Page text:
Festivals, Japan, Photography, Tokyo, travel

Shibuya Kagoshima Ohara Matsuri

Mid May, the weather starts warming up and so the festivals in japan. The Shibuya Kagoshima Ohara matsuri is just a reproduction of its original festival in Kagoshima (more than 1000 km away from Tokyo), but yet it was an enjoyable event where I had the chance learn a little bit about the traditions specific to the Kagoshima prefecture.

Shibuya is famous for its crowded and lively streets, so at first sight I didn’t really notice anything different than usual (it was crowded as always), but then I realized that there was actually a parade about to start. Celebrated on the streets west side of the Shibuya JR station (commonly known as the Hachiko square), thousands of performers get together to dance ohara music, wear traditional Japanese clothes and promote tourism in Kagoshima. In addition to the parade, they also have a taiko concert (Japanese drums), and some Kagoshima street food.

One thing for sure, this festival made me want to travel to Kagoshima to see the original festival in November, which is supposed to last for 2 days and is supposed to be packed with a lot more activities. Of course Kagoshima shines by itself for its amazing onsens (hotsprings) and hot sand bath, all of these combined with an awesome festival could be the perfect formula to a great vacation.

Full details (Where, when and how) can be found here: http://discoverjapan.info/Details/ShibuyaKagoshimaOharaMatsuri

The following are the pictures I took during this festival

Advertisements
Standard
Art, Culture, Festivals, Japan, Outdoors, Photography, travel

Tama Genryu matsuri (Headstream Festival) Kosuge, Yamanashi

Drums being played in front of a fire with a flame taller than 5 meters next to the river, prayers for clean water and fire. A ritual I thought I could only see in movies is the highlight of the Genryu festival.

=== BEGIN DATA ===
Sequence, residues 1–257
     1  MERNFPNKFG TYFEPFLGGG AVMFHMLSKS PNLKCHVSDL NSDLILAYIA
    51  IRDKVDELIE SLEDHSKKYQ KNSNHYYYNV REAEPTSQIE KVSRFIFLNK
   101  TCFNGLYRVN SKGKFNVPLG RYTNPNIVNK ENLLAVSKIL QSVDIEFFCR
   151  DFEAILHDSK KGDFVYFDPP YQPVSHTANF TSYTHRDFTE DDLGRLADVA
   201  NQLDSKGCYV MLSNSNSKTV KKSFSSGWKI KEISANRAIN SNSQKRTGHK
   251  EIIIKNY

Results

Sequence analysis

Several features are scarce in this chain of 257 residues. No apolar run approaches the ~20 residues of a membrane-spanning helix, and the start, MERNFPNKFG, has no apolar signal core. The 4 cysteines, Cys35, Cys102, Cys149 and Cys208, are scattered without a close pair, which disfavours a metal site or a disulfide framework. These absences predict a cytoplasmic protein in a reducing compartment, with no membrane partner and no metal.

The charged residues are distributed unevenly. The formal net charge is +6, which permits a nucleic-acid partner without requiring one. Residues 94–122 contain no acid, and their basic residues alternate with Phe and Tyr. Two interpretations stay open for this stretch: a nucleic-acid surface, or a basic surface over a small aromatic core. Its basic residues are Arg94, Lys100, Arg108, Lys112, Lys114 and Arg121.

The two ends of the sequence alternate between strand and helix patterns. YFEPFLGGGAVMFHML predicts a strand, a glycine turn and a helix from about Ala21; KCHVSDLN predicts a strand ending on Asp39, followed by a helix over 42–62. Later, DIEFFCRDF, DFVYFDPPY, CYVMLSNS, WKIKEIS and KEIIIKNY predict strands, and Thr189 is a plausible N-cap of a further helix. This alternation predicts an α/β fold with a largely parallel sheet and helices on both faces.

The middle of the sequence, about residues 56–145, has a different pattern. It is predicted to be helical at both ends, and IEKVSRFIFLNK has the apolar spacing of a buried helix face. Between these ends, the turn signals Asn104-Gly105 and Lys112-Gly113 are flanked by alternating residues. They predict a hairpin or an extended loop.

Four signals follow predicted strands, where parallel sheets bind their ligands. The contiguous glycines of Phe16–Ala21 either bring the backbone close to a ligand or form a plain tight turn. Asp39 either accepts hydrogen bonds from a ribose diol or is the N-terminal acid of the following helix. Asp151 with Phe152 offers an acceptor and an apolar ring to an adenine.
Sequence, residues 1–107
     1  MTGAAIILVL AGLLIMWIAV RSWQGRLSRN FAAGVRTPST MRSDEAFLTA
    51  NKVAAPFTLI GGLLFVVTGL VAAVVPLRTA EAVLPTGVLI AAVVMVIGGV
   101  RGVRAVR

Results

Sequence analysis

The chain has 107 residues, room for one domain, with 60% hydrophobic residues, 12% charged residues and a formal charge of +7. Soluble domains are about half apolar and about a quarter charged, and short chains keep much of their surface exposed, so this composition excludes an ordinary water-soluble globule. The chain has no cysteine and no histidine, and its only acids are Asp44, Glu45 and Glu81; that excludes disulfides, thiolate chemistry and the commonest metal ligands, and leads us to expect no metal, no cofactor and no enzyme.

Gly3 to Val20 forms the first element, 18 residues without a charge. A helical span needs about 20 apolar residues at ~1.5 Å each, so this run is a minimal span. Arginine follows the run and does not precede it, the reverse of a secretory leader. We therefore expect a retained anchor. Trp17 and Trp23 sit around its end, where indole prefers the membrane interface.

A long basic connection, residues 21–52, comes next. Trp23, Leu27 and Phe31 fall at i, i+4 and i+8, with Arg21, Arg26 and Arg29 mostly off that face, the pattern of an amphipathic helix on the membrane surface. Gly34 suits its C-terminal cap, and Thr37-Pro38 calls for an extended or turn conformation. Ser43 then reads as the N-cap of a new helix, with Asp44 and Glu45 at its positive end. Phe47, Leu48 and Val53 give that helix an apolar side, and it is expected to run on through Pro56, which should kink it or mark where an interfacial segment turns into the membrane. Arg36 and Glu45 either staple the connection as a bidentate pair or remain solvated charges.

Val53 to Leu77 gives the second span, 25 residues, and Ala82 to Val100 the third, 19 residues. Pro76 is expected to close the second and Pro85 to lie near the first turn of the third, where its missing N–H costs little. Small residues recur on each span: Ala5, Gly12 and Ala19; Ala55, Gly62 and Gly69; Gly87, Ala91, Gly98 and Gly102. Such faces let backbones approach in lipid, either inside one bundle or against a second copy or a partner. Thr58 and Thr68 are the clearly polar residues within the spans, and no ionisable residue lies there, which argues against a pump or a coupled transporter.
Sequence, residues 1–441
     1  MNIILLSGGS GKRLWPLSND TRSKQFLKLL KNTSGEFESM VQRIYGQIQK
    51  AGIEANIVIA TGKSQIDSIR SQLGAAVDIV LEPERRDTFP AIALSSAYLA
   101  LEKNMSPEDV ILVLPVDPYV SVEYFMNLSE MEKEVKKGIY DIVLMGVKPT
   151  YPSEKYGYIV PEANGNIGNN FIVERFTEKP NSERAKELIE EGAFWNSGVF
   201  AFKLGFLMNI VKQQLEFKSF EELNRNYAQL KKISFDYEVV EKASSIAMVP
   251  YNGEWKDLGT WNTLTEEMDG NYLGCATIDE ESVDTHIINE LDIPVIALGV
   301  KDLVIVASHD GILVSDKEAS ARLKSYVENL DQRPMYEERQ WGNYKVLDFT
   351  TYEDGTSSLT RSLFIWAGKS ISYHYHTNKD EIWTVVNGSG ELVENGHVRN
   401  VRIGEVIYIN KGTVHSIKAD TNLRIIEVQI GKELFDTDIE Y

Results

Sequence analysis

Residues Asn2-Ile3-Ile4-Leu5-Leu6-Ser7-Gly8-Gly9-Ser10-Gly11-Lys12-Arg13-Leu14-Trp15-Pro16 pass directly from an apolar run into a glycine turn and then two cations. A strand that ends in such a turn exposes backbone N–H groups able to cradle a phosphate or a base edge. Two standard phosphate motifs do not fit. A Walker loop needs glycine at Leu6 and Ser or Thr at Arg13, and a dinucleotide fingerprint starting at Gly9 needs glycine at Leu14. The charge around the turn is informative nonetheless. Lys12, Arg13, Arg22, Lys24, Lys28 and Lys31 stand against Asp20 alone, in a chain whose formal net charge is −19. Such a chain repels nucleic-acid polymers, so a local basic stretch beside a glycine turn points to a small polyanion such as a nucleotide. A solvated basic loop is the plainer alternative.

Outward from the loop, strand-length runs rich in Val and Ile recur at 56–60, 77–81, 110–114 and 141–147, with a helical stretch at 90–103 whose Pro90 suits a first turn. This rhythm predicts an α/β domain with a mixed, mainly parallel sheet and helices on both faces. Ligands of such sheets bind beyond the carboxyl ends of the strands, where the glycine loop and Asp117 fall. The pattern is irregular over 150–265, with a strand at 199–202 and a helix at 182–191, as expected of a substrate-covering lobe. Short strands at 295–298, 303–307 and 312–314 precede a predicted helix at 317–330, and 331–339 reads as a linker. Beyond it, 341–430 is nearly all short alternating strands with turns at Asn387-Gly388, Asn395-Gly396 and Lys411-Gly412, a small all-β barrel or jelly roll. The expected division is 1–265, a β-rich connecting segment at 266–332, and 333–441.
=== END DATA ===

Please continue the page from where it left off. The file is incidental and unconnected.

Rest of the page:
This is a daylong festival loaded with many events and performances. This area is known for its fish and wasabi which is sold at the event by many food stalls during the performances. However, the highlight of the day starts around 6:00 pm with a taiko performance (Japanese drums) as they start lighting the torches. After a few words, they proceed to burn 3 big piles of straw while the drums continue to play. The ritual ends with a display of fireworks.

Although it was a difficult transportation, I rate this as one of my top favorite fire festivals in Japan. Surprisingly not very well known by many tourist, I was literally the only foreigner in the crowd. The following are just a few pictures I took during this trip.

Standard
Art, festival, Japan, Nature, Photography, Tourism, travel

Mino festival : Hana Mikoshi (花みこし)

Mino City is known for its history of more than 1,300 years of making washi (Japanese paper) characteristic for its fine texture, strength, softness, and its endurance of centuries. It is commonly used in traditional crafts such as lanterns, umbrellas, fans, etc.

Despite its great success with the paper industry, Mino city remains relatively unknown to tourists (even for domestic tourism). It required a little extra skills to travel all the way there, as most of the signs were written in Japanese only, people don’t speak a second language and I had to make an extra effort to ask for directions using my very limited Japanese.